Secondary Logo

Journal Logo

Bilateral Ocular Injury From Lightning Strike

Harris, Kathleen BS*; Morris, Robert E. MD†,‡; Patel, Hershel R. MD†,‡; Oltmanns, Matthew H. MD†,‡

Section Editor(s): Toth, Cynthia A.; Cai, Cindy X.; Cai, Sophie

doi: 10.1097/IAE.0000000000002692
Photo Essay
Open

*School of Medicine, The University of Alabama at Birmingham, Birmingham, Alabama;

Retina Specialists of Alabama, Birmingham, Alabama; and

The Helen Keller Foundation for Research and Education, Birmingham, Alabama.

Reprint requests: Robert E. Morris, MD, Retina Specialists of Alabama, LLC, 2208 University Boulevard, Suite 101, Birmingham, AL 35233; e-mail: rmorris@retinanetwork.com

The authors have no conflicts of interest, financial, or otherwise, to disclose. This research is deemed exempt from IRB review by the University of Alabama at Birmingham Institutional Review Board.

RETINA® is now accepting manuscripts for consideration for publication in the Photo Essay section. For a manuscript to be considered for publication within this section, the significance of the manuscript should revolve around the photographs. The photographs should convey an important or unique clinical diagnosis, condition, or treatment. The photographs can be a combination of kodachromes, angiograms, histologic sections, or ancillary diagnostic studies (e.g., echograms, radiograms, CT or MRI studies, arteriograms), all of which are imperative in the evaluation, diagnosis, and/or treatment of the condition that is represented. Overall, the Photo Essay manuscript will be limited to 300 words, five photographs, and five references. All figures submitted in color will be published in color at the expense of the authors. Please refer to the Author Instructions for all other general requirements of manuscripts submitted to RETINA®.

This is an open-access article distributed under the terms of the Creative Commons Attribution-Non Commercial-No Derivatives License 4.0 (CCBY-NC-ND), where it is permissible to download and share the work provided it is properly cited. The work cannot be changed in any way or used commercially without permission from the journal.

Although lightning strike injury is rare, more than half of victims suffer some form of ophthalmic injury.1 We present photo documentation of the most severe case of bilateral lightning strike eye injury thus far reported.

A 58-year-old man presented four decades after a lightning strike injury to both eyes at age 18.

The left eye ultimately lost all light perception. The right eye regained 20/25 visual acuity after cataract extraction and limited peripheral vision sufficient for him to be a licensed driver for decades. During the past year, however, the patient reported a gradual decrease in visual acuity in the right eye.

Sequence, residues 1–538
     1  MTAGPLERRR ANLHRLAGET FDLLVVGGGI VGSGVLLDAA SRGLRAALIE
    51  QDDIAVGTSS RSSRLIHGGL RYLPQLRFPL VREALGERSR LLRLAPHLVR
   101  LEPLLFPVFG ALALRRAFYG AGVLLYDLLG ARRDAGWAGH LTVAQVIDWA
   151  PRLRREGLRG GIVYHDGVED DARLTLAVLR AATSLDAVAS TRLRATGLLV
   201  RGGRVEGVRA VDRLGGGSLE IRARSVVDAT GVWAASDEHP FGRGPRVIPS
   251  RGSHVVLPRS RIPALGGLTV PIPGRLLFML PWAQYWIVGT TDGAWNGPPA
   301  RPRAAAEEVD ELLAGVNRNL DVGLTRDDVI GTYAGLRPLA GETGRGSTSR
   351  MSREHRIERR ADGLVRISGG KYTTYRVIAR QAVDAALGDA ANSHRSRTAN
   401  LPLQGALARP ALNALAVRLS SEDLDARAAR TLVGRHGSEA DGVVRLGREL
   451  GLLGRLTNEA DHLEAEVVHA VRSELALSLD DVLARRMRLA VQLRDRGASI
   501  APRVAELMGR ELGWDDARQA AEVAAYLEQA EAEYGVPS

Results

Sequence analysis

Examination showed bilateral aphakia, marked optic disc pallor in both eyes, and severe bilateral choroidal atrophy of the posterior pole. The right eye had a peripapillary choroidal scar, barely extending subfoveal, with visual acuity of 20/80 and an atrophic central fovea measuring 148 μm in thickness by optical coherence tomography (Figure 1A). In the (NLP) left eye, the choroidal scar extended diagonally from the inferonasal periphery through the macula into the superotemporal periphery (Figure 1B).

Fig. 1

Fig. 1

Previous studies show optical coherence tomography and/or fundus images of lightning injury to the posterior segment, but this is the first reported case of ultra-widefield imaging of such extensive choroidal damage.2,3 These lesions apparently result from thermal injury when heavy melanin content in the central fundus resists tissue electrical currents set up by lightning strikes.

Images taken within months after the injury showed similar, heavily pigmented lesions. Late deterioration of right eye foveal function is explainable by the phenomena of subfoveal “pigment creep.”4 The “flashover” effect of lightning transmission along the body's surface is often protective of deeper organs, but a tendency for orbital current penetration and ischemic damage to neural tissue accounts for the high percentage of ocular injury.5

Back to Top | Article Outline

Acknowledgments

The authors thank Christina Sullivan for her assistance with this article and C. Diane Scharper for final editing.

Back to Top | Article Outline

References

1. Edelstein J, Peters W, Cartotto R. Lightning injury: a review and case presentations. Can J Plast Surg 1994;2:164–168.
2. Armstrong B, Fecarotta C, Ho AC, Baskin DE. Evolution of severe lightning maculopathy visualized with spectral domain optical coherence tomography. Ophthalmic Surg Lasers Imaging 2010;41:S71–S73.
3. Liu TYA, See C, Singman E, Han IC. Delayed onset of intraretinal cystoid abnormalities in lighting retinopathy. JAMA Ophthalmol 2016;134:840–842.
4. Morgan CM, Schatz H. Atrophic creep of the retinal pigment epithelium after focal macular photocoagulation. Ophthalmol 1989;96:96–103.
5. Norman ME, Albertson D, Younge BR. Ophthalmic manifestations of lightning strike. Surv Ophthalmol 2001;46:19–24.
Keywords:

lightning strike; eye injury; ocular trauma; choroidal atrophy

© 2019 by Ophthalmic Communications Society, Inc.